Thanksgiving (and Christmas!) is right around the corner and that means it's time for big dinners with all of the makings. I love hosting big dinners. Love, love, love it. It's crazy -- and I get a bit crazy the day of -- but I love to cook everything and I love the dance of getting everything cooked and ready at the same time. It's like a little bit of magic happened.
Magic takes work, though. Let me rephrase that: Magic takes planning. If you spend some time the week before your dinner preparing as much as you can, when it's time to eat you can sit down and ... eat. You can visit with your guests and eat dinner and put your feet up. That right there is proof that planning = magic.
Here's how I attack Thanksgiving (and Christmas)(and Easter) dinner:
Seven days before the dinner
Map out your entire menu. If people are contributing sides and such, write them down. For everything that you are cooking and preparing, write down each dish, then write down every ingredient you need underneath that dish title.
Go through your pantry and determine what you have and what you need.
Take your comprehensive list, and write it again, in the order that you would shop in the grocery store. (You call me crazy, I call me organized. Potatoes, potahtoes.)(I do this for my weekly big grocery shops. Those five minutes of organizing my list saves me at least twenty in the store. WIN.)
If you want a fresh turkey, make sure to book one.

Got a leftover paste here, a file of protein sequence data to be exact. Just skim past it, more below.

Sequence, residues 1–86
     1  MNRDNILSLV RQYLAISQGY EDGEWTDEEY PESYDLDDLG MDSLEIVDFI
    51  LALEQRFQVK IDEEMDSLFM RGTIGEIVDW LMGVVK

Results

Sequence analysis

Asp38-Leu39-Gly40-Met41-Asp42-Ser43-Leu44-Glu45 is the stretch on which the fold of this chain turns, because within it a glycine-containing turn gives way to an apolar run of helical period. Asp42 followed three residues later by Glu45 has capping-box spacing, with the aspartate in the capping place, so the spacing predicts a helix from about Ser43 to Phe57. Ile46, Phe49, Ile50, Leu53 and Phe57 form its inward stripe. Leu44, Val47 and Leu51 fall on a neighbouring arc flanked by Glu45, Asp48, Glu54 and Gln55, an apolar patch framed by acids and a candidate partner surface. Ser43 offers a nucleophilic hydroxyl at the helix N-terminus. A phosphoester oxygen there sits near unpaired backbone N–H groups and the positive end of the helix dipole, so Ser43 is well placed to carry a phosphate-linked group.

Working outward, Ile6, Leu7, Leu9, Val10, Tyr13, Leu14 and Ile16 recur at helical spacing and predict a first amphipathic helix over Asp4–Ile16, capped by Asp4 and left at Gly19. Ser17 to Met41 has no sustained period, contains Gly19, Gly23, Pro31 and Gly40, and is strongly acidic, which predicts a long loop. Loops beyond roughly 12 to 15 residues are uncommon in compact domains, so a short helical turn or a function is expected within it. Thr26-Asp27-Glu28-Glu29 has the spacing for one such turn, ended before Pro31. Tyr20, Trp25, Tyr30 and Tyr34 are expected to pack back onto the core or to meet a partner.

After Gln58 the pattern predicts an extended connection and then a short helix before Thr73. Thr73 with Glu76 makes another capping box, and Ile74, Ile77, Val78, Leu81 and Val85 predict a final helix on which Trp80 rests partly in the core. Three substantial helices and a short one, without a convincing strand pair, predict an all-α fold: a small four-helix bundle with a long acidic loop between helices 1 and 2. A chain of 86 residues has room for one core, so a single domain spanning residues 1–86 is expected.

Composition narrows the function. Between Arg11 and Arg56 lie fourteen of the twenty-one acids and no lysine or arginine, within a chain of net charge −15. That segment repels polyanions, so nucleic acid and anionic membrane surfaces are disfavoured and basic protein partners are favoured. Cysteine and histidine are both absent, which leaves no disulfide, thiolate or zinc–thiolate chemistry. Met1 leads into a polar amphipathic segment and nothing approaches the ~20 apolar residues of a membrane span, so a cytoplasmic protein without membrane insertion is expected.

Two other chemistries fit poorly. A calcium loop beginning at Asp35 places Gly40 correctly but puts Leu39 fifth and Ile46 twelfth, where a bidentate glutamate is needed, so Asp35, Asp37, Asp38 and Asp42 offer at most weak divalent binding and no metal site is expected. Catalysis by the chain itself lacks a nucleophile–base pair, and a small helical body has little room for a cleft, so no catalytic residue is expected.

Four days before the dinner
Take your turkey out of the freezer, if you have a frozen bird.
Two to Three days before the dinner
It's time to hit the grocery store(s)! You could wait until the day before, but why would you? Nobody needs that kid of torture.
You have your (very) detailed list in hand. Don't forget the cranberry sauce! (I often do, because I hate it and forget to include it.) Think of beverage options as well. Juice? Beer? Wine? Bailey's? Get everything while you can.
The day before the dinner
Wash and chop any vegetables.
Peel your potatoes and/or turnips and leave them in pots of water on the stove.
Prepare any casseroles that can be made ahead of time and place them in the refrigerator.
Get any desserts prepared and ready.
Prepare the stuffing if you have a recipe like I do that makes it a possibility.
Place all canned goods and other non-perishables on the counter so they are handy for the next day.
The day of the dinner
Make yourself a large pot of coffee.
Prepare your bird, and make the stuffing if you haven't done so yet. Stuff your bird and put it in to cook 4-5 hours before the dinner, depending on the size. We have a counter-top turkey roaster and it's one of the best investments I've ever made. My oven is free for me to cook anything and everything because the turkey isn't taking up all of the real estate.
Make any sides that need to be made the day of the dinner, and time them for when you want dinner to be served.
Get your coffee maker ready for the dessert hour, even though it seems a million miles away. Make a coffee station if you can -- mugs and sugar and spoons and everything you would be rustling around in the cupboard for after dinner.
Set the table with everything you think will be needed. I will sit down and imagine the dinner and what I would reach for. Salt and pepper, gravy boat, etc. I also think of how many side dishes will be happening and will make sure that there is a plethora of serving spoons on hand.
In those last moments when everything is coming up and ready, make sure that you have delegated ahead of time. My Father-In-Law is great with gravy, so that's his job. My husband is in charge of carving the turkey. Other family members jump in to pull items out of the oven and bring them to the table and it always (always) comes together.
And then I sit with everyone and enjoy a feast. Following the feast, I sit with the women in my family and share stories and laughs while the men clean up the kitchen.
That's how you do it.